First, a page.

Museum’s 2023 Author Series Programs Bring Latest Baseball Stories to Cooperstown
(COOPERSTOWN, NY) – Books detailing the history and rules of baseball have been written since the sport’s earliest days, dating back to the 1850s.
The National Baseball Hall of Fame and Museum’s summer Author Series will showcase the latest in baseball writing, with programs beginning in June.
Author Series programs are held in the Museum’s Bullpen Theater and are included with Museum admission. Authors will discuss their work and take questions from the audience in the theater program, then sign copies of their books for fans. Seating is available on a first-come, first-served basis. All programs will be streamed on the Hall of Fame’s Facebook page.
The schedule for the summer includes:
Saturday, June 10, 1 p.m. – Before Brooklyn: The Unsung Heroes Who Helped Break Baseball’s Color Barrier, by Ted Reinstein
Author Ted Reinstein explores the stories of the little-known heroes who fought segregation in baseball. His book delves into the stories of Moses Fleetwood Walker, Rube Foster and other black baseball pioneers who came before Jackie Robinson. Reinstein has been a reporter for “Chronicle,” WCVB-TV/Boston’s award-winning – and America’s longest-running locally-produced – nightly news magazine since 1997.
Thursday, June 15, 1 p.m. – Pinstripes by the Tale: Half a Century In and Around Yankees Baseball, by Marty Appel
Award-winning author Marty Appel offers an intimate insider’s look at the New York Yankees, the game’s most iconic franchise. The book invites readers to consider the small moments in Yankee history that have quietly shaped the story of the franchise, both on and off the field. As a public relations director, television producer, writer and historian for the Yankees franchise, Appel came to know many of the Yankees’ most legendary characters, along with lesser-known, supporting cast members. The book features stories of Mickey Mantle, Joe DiMaggio, Yogi Berra, Thurman Munson, Derek Jeter, George Steinbrenner and countless other legends who have worn the pinstripes.
Sunday, June 18, 1 p.m.—Sons of Baseball: Growing Up with a Major League Dad, by Mark Braff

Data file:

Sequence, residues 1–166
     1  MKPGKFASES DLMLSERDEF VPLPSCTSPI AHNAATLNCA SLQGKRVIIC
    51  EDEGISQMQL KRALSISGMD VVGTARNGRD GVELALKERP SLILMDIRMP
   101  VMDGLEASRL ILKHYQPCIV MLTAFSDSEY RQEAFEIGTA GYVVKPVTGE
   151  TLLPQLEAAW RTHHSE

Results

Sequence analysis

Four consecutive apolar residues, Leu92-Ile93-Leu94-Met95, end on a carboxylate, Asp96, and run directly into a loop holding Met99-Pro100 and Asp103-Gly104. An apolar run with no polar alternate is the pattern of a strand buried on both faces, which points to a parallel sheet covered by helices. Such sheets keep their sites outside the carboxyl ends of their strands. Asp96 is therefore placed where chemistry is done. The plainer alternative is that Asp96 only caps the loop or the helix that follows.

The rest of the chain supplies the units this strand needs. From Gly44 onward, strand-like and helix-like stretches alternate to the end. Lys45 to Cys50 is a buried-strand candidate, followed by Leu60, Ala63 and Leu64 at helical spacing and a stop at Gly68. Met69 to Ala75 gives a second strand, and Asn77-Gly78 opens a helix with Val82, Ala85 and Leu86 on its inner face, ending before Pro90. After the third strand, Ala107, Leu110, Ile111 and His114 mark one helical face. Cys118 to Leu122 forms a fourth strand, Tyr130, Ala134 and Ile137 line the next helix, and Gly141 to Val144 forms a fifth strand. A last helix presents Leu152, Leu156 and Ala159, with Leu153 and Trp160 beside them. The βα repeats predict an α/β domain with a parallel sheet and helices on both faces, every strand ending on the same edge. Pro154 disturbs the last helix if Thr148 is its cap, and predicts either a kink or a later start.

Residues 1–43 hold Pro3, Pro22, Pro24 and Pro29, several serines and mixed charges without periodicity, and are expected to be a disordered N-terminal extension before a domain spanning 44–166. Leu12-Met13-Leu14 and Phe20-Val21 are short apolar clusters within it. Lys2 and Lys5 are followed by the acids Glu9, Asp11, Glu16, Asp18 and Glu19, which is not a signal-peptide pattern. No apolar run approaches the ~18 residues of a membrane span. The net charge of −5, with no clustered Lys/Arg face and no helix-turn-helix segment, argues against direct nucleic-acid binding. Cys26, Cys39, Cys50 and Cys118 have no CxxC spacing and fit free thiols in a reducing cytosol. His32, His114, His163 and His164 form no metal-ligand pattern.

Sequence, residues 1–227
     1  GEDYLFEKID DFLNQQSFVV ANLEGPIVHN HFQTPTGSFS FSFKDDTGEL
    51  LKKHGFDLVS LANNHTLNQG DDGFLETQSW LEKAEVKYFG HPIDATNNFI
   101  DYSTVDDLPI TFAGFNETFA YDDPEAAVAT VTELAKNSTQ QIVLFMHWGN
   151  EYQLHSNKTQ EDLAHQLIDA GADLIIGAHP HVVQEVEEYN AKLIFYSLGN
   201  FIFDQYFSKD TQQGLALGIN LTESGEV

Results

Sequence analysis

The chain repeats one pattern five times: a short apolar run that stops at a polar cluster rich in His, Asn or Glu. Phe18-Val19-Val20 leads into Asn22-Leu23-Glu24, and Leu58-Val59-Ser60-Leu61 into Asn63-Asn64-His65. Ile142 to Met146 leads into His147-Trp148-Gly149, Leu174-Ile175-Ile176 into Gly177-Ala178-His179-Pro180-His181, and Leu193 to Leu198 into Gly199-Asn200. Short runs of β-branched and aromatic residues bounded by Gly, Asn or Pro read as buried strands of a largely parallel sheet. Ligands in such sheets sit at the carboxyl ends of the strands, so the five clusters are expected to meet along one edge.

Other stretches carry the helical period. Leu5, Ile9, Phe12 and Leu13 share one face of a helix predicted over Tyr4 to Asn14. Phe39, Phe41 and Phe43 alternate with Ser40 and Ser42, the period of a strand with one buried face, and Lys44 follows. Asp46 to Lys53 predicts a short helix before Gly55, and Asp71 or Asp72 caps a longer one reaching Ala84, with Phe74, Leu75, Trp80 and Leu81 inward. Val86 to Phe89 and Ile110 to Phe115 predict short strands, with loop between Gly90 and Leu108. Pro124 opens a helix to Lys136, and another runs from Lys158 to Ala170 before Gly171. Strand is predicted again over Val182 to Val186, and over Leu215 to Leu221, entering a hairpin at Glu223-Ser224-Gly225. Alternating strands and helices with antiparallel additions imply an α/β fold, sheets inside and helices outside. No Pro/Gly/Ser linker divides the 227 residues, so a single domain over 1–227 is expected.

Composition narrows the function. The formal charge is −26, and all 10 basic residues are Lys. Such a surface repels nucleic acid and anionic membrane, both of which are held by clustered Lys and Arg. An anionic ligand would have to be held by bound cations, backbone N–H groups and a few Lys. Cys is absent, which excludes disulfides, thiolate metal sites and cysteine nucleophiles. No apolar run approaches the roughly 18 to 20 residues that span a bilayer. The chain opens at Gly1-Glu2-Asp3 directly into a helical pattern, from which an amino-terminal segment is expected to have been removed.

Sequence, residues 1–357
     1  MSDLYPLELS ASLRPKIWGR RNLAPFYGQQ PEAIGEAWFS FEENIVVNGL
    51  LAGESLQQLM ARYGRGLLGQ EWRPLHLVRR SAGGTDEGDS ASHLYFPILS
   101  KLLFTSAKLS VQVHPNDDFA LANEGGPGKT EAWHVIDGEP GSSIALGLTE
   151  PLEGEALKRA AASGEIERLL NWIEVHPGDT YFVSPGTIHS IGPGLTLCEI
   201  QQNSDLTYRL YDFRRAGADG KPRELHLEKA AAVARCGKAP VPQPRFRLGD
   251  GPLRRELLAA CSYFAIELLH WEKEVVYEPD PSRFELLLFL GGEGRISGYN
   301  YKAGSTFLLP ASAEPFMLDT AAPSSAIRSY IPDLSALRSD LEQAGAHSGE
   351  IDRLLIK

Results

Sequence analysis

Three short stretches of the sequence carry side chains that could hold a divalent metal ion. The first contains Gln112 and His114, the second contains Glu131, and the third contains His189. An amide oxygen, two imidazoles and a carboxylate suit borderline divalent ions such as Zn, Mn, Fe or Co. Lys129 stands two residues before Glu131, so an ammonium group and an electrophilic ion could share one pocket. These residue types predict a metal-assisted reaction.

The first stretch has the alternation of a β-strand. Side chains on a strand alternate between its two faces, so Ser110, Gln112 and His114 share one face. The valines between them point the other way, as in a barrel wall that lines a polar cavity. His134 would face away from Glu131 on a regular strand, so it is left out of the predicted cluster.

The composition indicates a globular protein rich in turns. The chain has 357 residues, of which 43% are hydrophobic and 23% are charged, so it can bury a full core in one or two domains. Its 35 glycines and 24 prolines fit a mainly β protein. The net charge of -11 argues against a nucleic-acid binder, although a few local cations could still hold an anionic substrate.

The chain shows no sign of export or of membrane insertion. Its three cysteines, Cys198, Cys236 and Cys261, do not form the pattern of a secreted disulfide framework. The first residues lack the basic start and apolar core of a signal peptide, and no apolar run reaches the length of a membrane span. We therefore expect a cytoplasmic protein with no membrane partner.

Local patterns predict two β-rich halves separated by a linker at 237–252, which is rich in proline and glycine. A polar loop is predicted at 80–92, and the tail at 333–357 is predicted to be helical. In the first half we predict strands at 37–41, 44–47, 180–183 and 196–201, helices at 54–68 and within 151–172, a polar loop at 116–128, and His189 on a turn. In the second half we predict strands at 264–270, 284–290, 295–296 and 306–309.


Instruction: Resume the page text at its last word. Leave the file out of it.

Mark Braff offers a rare look at professional ballplayers – not as pitchers, hitters, managers, and coaches but as fathers and grandfathers. For the book, Braff interviewed 18 men who share their exclusive stories, ballpark memories and the challenges and rewards of having fathers whose talents assisted them in reaching the heights of pro baseball. With a foreword by Hall of Famer Cal Ripken Jr. and interviews with the sons of beloved players like Yogi Berra, Mariano Rivera, Roger Maris, Gil Hodges and Larry Doby, the book provides a unique, well-rounded perspective on the lives of professional ballplayers and their families.
Thursday, June 22, 1 p.m. – The Black Cat Change-Up, by David Kelly
Frequent Hall of Fame contributor and fan favorite David A. Kelly returns with the latest book in his series of “Ballpark Mysteries.” David’s latest story is about a black cat haunting the New York Mets. Our protagonists, Kate and Mike, arrive in New York for an important game against the Chicago Cubs, but Cookie, the team’s star hitter, is rattled by a phantom feline. As part of his presentation, David will discuss the process of writing children’s books and how he comes up with ideas for his fictional stories.
Tuesday, June 27, 7 p.m. – We Will Win the Day: The Civil Rights Movement, the Black Athlete, and the Quest for Equality, by Louis Moore (Zoom-only program)
This timely and critically-acclaimed book examines the history of Black activist athletes and the important role of the Black community in insisting that the concept of fair play should apply not only to sports but to all segments of society. The book details Jackie Robinson's entry into baseball in 1945, when he first signed with the Brooklyn Dodgers, and delves into the effects of Jim Crow segregation on ballplayers in the 1950s and sixties.
Louis Moore is an associate professor of history at Grand Valley State University, where he teaches African American history, civil rights, sports and U.S. history.
Thursday, June 29, 1 p.m. – Walter Alston: The Rise of a Manager from the Minors to the Baseball Hall of Fame, by Alan Levy